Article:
- The workload grows. Whether it’s starting a school blog, spearheading equity work, or tightening the quotidian systems that guide the day-to-day experience of our students and faculty, the amount of substantive work that revealed itself during my second year caught me by surprise. If you think that the amount of work on your plate is substantial during your first year, just wait until your second year.
- Everything now belongs to you. If you’re like me, you initiated a number of changes during your first year. Naturally, you couldn’t get to everything. Well, all those things that you wanted to change but didn’t are now your responsibility. In your first year, you could say that you inherited an unpopular system or program, but come your second year, it’s your responsibility to change it or be the face of it.
- Your shine turns matte. Famously, presidents have the first 100 days of their administration to enact their keystone legislation. As school leaders, we get a bit more time than that, but not much. After your first year, the novelty of your fresh eyes invariably wears thin. By the start of your second year, your new ideas are old news.
What to do:
- Nobody knows. This might sound like atrocious advice, but it’s liberating to remember that nobody has it figured out. You don’t have all the answers. Educational leadership is one of those deeply imperfect professions wherein you’ll make mistake after mistake irrespective of how long you’ve been doing it. Rather than be self-critical, seek to tap into your PLN or chat with a trusted colleague who can help you to find solutions.
- Mentorship matters. Speaking of, it’s important to find a mentor in your second year of educational leadership. If you didn’t have one already, now is the time to make this a priority. I don’t just mean someone who serves as a sounding board every now and again, but someone who you can send WhatsApp messages to at 2 a.m. because you can’t sleep and can’t figure out what to do. Find someone outside of your organization who has been in your position before. Educational leadership can be lonely and complex, but it’s made simpler and less lonely when you have a mentor.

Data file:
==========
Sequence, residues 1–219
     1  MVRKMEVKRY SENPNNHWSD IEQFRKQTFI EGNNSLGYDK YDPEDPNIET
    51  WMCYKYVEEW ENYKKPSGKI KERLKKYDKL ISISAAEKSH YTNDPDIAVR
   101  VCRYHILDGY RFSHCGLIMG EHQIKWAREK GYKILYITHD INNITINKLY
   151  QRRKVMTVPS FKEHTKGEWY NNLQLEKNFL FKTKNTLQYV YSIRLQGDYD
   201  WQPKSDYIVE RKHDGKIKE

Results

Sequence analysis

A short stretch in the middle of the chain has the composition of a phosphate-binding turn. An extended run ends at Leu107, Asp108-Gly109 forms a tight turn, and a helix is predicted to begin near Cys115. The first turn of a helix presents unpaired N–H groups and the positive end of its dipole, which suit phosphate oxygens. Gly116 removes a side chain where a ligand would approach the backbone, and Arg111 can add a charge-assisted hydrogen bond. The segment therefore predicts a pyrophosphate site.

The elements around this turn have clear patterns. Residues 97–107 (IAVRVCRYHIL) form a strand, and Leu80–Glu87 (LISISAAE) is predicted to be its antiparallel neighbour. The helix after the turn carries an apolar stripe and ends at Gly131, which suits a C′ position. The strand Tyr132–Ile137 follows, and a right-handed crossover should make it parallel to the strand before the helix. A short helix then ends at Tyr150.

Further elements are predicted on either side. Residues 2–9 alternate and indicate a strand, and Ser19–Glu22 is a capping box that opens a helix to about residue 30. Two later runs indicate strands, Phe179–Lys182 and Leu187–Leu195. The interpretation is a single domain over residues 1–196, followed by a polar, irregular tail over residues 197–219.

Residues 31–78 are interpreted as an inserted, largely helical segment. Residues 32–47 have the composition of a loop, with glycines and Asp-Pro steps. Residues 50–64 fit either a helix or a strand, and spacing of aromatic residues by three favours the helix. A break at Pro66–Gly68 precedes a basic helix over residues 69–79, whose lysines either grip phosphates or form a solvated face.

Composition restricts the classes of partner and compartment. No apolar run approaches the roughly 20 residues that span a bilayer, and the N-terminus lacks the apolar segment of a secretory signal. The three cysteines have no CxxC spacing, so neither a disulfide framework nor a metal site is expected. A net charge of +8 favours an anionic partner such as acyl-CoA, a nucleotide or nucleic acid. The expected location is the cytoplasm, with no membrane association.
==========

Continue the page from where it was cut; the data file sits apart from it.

- Pause is power. As the new Powerade advertising campaign reminds us, it’s important to pause, especially when it comes to change. Lewin’s three-step model of organizational change is instructive in this sense. The successful implementation of change in your first year isn’t necessarily predictive of change in your second year. Once you have made a change, be sure to freeze it to ensure that your faculty doesn’t revert back to their old ways and past habits before the change was implemented. This isn’t to say that change needs to cease altogether, but rather that you need to afford people the time to adjust to the changes you’ve already initiated. Remember: change is predicated on the levels of readiness and trust of your faculty.
- Amplify all voices. If your first year was like my first year, you spent a great deal of it putting faces to names. Unlike me, I hope that you put some thought into what those faces looked like. At the start of my second year, I took time to think back on what voices were represented in my office. Were the parents/guardians in my office representative of a cross-section of my school community? If not, what could I do about it? It’s vital to make sure that you are hearing from a diversity of voices.
In many respects, my second year has been more challenging than my first year. What can you do to navigate the messiness, fun, and frustration of your second year?